The optional Grammar DVD is also taught by Daniel in a fun manner. There are 12 lessons on one DVD which cover topics such as subjects and predicates, run ons and fragments, commas, and apostrophes. This is extremely helpful for those who haven’t mastered important grammar concepts before. However, they are optional if you don’t need them.
The Journal is entitled The Remarkable Journal of Professor Gunther von Steuben. It’s not just a blank journal where the kids have to come up with their own ideas of what to write each day, but it has a running storyline through it to help the kids write.
Watch 3 sample DVD lessons and download the written student pages here!
It is now April 2015. We have not been as consistent as I would have hoped we would be with this curriculum. It still love it, though. My 7th grade son and 5th grade daughter are doing it. They won’t finish this year, so we’ll start up with it again next fall. It ended up not working for my oldest son, so he’s been writing other types of papers I assign to him. The other two kids think Cover Story is great. 🙂 See if you can find it on Amazon: “Cover Story” Student Book.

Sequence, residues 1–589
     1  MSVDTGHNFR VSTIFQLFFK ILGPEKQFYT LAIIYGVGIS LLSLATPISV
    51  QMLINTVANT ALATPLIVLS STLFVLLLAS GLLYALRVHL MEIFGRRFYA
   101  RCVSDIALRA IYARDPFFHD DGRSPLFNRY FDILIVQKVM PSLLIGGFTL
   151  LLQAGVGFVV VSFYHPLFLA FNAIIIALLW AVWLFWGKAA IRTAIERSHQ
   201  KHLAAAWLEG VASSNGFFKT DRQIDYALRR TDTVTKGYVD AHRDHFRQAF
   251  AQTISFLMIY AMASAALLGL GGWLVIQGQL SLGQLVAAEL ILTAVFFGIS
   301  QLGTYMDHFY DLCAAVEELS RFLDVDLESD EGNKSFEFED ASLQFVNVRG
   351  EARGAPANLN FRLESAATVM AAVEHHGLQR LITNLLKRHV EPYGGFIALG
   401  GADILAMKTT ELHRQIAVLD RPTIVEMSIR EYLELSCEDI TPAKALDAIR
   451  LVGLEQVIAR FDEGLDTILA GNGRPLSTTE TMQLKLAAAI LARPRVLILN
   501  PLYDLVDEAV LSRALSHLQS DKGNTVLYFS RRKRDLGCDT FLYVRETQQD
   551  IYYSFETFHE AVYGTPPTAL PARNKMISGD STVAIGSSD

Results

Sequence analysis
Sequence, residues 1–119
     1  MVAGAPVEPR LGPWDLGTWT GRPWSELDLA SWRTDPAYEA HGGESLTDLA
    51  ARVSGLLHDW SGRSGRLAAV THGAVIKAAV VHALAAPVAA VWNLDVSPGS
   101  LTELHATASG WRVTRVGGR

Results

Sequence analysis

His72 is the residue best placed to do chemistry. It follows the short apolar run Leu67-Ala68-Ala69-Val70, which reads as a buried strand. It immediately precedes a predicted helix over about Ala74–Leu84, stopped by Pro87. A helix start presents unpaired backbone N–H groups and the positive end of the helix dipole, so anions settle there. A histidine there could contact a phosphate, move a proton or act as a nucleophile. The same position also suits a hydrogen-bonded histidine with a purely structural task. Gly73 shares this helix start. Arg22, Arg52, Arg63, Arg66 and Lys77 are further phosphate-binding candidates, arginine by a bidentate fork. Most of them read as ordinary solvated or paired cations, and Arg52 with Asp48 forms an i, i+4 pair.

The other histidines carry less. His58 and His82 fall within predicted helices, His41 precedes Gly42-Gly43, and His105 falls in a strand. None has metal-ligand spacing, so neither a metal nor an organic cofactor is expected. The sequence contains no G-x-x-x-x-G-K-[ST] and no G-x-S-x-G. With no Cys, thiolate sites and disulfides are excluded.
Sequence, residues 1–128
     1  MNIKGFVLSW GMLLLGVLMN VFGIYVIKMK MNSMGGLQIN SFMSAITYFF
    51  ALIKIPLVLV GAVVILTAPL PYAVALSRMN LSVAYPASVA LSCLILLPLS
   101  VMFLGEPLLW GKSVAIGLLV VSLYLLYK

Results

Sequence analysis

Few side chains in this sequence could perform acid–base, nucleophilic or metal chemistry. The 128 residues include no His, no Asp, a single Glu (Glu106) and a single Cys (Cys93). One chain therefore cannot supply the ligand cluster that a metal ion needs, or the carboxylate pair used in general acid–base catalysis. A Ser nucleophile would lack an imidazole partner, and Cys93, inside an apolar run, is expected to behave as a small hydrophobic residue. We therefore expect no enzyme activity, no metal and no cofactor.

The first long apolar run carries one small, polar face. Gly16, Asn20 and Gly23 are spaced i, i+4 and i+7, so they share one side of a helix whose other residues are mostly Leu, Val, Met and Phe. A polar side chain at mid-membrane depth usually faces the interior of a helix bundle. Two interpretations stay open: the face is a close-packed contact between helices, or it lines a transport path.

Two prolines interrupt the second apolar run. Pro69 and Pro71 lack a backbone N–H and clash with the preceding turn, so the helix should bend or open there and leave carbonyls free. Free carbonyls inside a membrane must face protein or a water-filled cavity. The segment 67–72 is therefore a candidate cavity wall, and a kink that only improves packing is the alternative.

A reader wrote to tell me that she had found some troubling aspects of the curriculum that I haven’t gotten to yet. See below for her review.
“The massacre in Sudan is covered in Lessons 19 and 20. The video on 19 begins with a horrible story about a boy whose family was massacred and the story of how he got away is quite disturbing. I know another 7th grader who quit using the curriculum after that lesson because he was so upset by it. Lesson 20 video I completely summarized for my son – also in 7th grade. I was sorry even I had to listen to it. Though quite a wonderful story of God working in a terrible situation, it was also quite disturbing – with tribal type people and their barbaric customs, how they carry and use machine guns, etc.
Unfortunately, I missed something on the videos and my son ended up hearing part of something I didn’t want him to hear. I’m not sure exactly where that was, but It’s somewhere between lesson 21 and 23. You may want to preview that part. That was more reference to the tribe in Sudan and some violence there.
The other disturbing things I mentioned have all been found in the stories that are included in the workbook. The story about the princess choosing the fate of her lover is The Lady, or the Tiger – found after Lesson 36. Be aware an excerpt from this story is also shown in Lesson 39 of the workbook.